THE Kenyan High Court has blocked the government from deploying police officers to fight gangs in Haiti.
The judge argued that the deployment would be illegal as the National Security Council lacks the legal authority to send police outside Kenya.
He added that the council can only deploy military, not police, for peacekeeping missions such as Haiti.
Last year, Kenya had volunteered to lead a multinational security force in Haiti to quell gang violence.
The judge further explained that Kenyan law only allows the government to deploy police officers to another country if a reciprocal agreement exists between Kenya and the host nation.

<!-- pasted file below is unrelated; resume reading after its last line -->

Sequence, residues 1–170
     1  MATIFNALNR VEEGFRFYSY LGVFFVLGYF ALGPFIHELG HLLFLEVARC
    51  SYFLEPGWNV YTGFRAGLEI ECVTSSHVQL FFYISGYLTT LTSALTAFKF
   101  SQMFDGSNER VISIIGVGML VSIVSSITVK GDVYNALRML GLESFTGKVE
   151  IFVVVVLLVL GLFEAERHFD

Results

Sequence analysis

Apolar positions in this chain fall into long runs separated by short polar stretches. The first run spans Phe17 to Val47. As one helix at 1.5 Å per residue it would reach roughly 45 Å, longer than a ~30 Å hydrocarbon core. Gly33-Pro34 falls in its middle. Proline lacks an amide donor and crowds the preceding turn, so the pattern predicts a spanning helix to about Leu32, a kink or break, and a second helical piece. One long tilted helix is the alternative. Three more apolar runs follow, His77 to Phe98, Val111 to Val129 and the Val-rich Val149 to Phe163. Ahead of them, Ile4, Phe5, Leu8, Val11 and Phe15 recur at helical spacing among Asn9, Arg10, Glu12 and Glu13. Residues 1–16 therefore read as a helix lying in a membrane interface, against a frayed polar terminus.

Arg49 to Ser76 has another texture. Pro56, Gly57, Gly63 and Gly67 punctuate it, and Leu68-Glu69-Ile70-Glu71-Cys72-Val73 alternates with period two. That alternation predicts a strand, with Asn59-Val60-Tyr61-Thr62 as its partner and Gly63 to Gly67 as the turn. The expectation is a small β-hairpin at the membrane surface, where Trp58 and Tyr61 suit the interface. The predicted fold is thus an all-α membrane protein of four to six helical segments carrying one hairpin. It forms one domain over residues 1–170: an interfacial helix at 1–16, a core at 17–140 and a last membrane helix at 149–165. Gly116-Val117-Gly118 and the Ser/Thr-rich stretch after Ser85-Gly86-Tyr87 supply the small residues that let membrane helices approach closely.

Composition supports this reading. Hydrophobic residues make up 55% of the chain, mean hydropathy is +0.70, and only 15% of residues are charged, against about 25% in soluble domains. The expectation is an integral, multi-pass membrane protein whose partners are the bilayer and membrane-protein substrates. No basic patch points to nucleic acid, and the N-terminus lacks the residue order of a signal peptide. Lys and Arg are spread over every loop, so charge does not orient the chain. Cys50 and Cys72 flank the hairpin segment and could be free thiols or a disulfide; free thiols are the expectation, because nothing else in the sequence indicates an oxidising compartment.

Kenya’s government has said it will appeal against the ruling.
Haitian Prime Minister Ariel Henry last year asked the UN to urgently deploy a multinational force.
He said his government had been overwhelmed by gangs who controlled 80% of the capital, Port-au-Prince.
The UN Security Council backed Kenya’s offer to lead the force and Kenyan lawmakers went on to approve the deployment.
In Haiti, the possible deployment had received mixed reactions from community members who have suffered at the hands of gangs.
Laurent Uwumuremyi, the country director of Mercy Corps, told the BBC the mission had the potential to facilitate access to public infrastructure and address the humanitarian crisis.
He added though that some community members said Haiti did not need external interventions and that they saw it as a waste of money and time.
Ekuru Aukot, the Kenyan opposition leader who brought the case, said the court ruling was a win for the country, which could not afford to spare officers before tackling its own security challenges.